March 26, 2021
What to expect in Washington (March 26)
President Biden is set to detail his Build Back Better in a March 31 speech in Pittsburgh, Punchbowl News reported, adding that the plan will be as described in press stories: broken into two separate bills, an infrastructure bill that could appeal to Republicans then another package with individual-focused proposals. The report said the pay-for proposed with the $2 trillion infrastructure bill is an increase in the corporate tax rate. The $1 trillion people-focused, "human infrastructure" bill — with items like free community college, universal preschool, national paid leave, long-term care, and a prescription drug overhaul — will be proposed to be paid for by increasing the top individual tax rate and ending the lower rate on carried interest. Biden has said a corporate tax rate increase to 28% would raise $800 billion and a top individual rate of 39.6% would raise $230 billion, so more tax increases would be required if the bills are to be completely paid for.
A March 24 New York Times analysis said, "Biden faces a strategic dilemma: how to pass as much of his potentially transformative agenda, as quickly as possible, through the narrow window afforded him by Democrats' thin margins in the House and Senate." It included speculation that, given that many Democrats see "little chance, if any, of a large bipartisan bill taking shape," the elements in the forthcoming two separate bills could ultimately be "rolled into an epic, single bill, perhaps costing $3 trillion and offset in part by tax increases on corporations and the rich, which would pass with only Democratic votes."
The Hill newspaper reported March 24, that Senator Chris Coons (D-DE), a Biden ally, and White House advisers want Congress to first move "a smaller infrastructure bill in hopes of securing a bipartisan win before trying to address more ambitious goals on climate change and health care in a subsequent measure. They are aiming to secure at least one big bipartisan accomplishment before" battling over more partisan issues, but it's unclear whether Republicans will give Biden a bipartisan victory knowing what's ahead.
Tax hearings — The groundwork for tax increases is being laid in Congress. During the March 25 Senate Finance Committee international tax hearing, Treasury Deputy Assistant Secretary Kim Clausing (Tax Analysis) and witness Chye-Ching Huang of NYU repeatedly made the case for changing TCJA international tax provisions to remove incentives for offshoring, and for corporate tax increases generally to pay for infrastructure investment, saying companies benefit from that as well. The hearing framed the debate between the Administration/congressional Democrats vs. Republicans/the business community over dramatically changing TCJA international provisions, including raising revenue from changes to the global intangible low-taxed income (GILTI) provisions, the base erosion and anti-abuse tax (BEAT), and the foreign derived intangible income (FDII) rules. Other witnesses and Republican committee members suggested there's no need to change the provisions and that increasing US taxes would reignite interest in inversions.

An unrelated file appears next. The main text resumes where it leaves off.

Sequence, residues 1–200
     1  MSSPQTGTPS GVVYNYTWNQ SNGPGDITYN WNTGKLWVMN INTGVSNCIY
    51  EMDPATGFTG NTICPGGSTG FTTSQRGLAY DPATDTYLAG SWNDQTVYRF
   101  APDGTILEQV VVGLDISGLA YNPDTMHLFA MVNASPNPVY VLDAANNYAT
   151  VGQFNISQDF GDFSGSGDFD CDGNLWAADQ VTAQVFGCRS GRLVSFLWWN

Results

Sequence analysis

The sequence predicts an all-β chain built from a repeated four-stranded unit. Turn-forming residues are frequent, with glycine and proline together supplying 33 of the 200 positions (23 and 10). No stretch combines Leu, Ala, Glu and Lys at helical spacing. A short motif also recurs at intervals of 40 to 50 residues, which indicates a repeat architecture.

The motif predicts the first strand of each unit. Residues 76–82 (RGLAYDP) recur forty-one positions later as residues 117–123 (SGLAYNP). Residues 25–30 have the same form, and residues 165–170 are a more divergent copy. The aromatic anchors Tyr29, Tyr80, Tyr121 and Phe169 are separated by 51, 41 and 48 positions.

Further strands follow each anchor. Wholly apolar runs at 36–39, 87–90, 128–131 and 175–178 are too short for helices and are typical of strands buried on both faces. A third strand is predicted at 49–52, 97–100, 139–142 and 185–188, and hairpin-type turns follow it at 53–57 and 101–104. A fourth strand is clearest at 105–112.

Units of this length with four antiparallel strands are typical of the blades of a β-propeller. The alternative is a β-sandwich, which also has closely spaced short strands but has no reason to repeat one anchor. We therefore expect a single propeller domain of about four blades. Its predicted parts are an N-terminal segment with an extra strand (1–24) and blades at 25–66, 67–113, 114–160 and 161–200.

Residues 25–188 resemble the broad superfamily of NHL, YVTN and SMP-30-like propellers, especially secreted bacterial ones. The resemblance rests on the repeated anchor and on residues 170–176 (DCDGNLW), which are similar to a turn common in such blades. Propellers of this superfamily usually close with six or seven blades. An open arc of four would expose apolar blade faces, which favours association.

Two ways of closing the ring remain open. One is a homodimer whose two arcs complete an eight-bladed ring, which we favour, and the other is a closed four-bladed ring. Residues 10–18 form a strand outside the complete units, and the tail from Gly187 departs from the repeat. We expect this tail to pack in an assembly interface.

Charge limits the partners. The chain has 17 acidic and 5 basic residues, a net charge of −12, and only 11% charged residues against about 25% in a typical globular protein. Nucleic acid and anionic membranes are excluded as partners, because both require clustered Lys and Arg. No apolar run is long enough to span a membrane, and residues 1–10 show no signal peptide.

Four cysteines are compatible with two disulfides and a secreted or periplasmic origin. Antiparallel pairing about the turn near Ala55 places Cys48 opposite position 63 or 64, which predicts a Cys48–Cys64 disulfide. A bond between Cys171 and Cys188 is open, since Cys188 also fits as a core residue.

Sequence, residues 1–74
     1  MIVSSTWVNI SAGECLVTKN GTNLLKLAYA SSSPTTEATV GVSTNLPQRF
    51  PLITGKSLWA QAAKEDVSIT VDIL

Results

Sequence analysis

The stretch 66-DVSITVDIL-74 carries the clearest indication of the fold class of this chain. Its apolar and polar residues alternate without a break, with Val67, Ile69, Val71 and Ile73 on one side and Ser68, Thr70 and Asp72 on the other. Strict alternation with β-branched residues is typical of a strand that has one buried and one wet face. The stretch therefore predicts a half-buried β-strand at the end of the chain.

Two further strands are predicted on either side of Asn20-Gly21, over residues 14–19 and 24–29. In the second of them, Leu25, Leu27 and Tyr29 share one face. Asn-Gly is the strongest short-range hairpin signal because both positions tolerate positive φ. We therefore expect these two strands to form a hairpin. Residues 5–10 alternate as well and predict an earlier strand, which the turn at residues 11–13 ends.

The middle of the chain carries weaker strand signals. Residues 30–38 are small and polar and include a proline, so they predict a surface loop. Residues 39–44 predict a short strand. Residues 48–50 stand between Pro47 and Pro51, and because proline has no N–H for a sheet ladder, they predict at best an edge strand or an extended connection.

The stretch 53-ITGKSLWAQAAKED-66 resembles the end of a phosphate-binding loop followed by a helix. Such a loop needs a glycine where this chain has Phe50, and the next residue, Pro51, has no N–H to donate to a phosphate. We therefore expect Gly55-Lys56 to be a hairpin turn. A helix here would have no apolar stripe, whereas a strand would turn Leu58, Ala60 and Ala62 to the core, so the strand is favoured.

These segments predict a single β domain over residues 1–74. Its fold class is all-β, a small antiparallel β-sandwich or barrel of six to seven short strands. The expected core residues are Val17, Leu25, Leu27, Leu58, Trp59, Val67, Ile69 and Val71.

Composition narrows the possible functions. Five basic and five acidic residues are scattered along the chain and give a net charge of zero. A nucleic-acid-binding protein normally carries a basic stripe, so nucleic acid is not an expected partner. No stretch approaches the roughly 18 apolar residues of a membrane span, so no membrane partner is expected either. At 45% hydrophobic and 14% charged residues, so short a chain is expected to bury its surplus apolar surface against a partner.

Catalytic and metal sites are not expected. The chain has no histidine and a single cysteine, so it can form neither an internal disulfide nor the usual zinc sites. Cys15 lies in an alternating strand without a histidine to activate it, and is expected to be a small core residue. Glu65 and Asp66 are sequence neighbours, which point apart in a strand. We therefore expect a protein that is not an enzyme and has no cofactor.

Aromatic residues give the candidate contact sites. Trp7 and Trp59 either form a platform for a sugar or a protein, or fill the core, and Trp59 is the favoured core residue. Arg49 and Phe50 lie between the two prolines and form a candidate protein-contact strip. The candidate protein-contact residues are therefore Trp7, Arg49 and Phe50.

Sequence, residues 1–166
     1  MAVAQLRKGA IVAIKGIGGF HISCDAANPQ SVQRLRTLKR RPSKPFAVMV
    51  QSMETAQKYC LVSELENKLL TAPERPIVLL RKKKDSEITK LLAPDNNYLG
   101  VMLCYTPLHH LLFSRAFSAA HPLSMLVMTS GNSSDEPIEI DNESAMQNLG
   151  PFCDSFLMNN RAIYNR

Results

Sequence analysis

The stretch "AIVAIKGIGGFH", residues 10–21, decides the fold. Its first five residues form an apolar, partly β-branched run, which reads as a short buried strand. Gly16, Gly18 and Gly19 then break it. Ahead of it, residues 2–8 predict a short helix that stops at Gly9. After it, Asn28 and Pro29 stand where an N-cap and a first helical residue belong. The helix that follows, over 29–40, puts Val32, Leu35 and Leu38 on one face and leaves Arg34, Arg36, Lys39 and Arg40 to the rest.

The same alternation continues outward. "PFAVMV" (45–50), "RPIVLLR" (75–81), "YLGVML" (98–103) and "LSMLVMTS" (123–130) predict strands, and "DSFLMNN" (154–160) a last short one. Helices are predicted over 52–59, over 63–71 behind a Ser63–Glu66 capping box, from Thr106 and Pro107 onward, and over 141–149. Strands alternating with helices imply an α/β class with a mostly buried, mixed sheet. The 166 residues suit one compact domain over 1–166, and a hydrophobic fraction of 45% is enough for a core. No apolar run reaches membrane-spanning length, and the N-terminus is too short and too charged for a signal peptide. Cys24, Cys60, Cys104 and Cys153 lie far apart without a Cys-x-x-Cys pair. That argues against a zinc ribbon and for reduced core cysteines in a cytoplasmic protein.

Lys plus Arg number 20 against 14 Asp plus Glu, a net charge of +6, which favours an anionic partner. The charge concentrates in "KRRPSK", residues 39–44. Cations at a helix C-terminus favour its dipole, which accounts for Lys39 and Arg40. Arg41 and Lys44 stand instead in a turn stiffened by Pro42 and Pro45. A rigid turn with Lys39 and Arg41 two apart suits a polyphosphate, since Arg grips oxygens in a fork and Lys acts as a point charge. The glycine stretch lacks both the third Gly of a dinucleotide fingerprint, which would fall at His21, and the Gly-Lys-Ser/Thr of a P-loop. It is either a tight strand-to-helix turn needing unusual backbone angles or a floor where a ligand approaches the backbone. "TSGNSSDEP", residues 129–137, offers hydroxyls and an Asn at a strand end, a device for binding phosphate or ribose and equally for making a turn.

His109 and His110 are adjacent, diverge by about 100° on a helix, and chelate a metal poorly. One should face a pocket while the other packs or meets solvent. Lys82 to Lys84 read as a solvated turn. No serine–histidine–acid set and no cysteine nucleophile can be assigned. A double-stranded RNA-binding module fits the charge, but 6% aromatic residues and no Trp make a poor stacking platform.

Chairman Ron Wyden (D-OR) said he will in coming days, joined by Senators Sherrod Brown (D-OH) and Mark Warner (D-VA), release a framework for international taxation that reverses TCJA provisions for US-based multinationals who "must pay a fair share," rewards companies that invest and create good-paying jobs in the US, and stops rewarding companies that ship jobs and factories overseas. EY Tax Alert 2021-0628 has details.
At a Senate Budget Committee hearing yesterday, Chairman Bernie Sanders (I-VT) announced an estate tax bill (S. 994) to "demand that the families of the billionaire class … start paying their fair share of taxes" through a bill to establish a progressive estate tax rate and other changes. Under the bill, the estate tax is:
Sanders said he was also introducing the Corporate Offshore Tax Dodging Prevention Act (S. 991) to prevent corporations from shifting profits offshore and to restore the corporate tax rate to 35%.
Congress — The Senate March 25 confirmed by voice vote the nomination of Adewale Adeyemo to be Deputy Secretary of the Treasury. The Senate also passed 92-7 the House-passed PPP Extension Act of 2021 (H.R. 1799) to extend the PPP application deadline from March 31 to May 31 and require the SBA to process applications by June 30. Now, both chambers are out of session for two weeks. The next Senate vote will occur at 5:30 pm on Monday, April 12.
During a March 25 press conference, President Biden continued to express an inclination toward the "talking filibuster" in the Senate, to require opposing members to stay on the floor, rather than the current version that allows other business to be conducted while bills are being held up. "I strongly support moving in that direction," he said, and expressed openness to more: "if we have to, if there's complete lockdown and chaos as a consequence of the filibuster, then we'll have to go beyond what I'm talking about."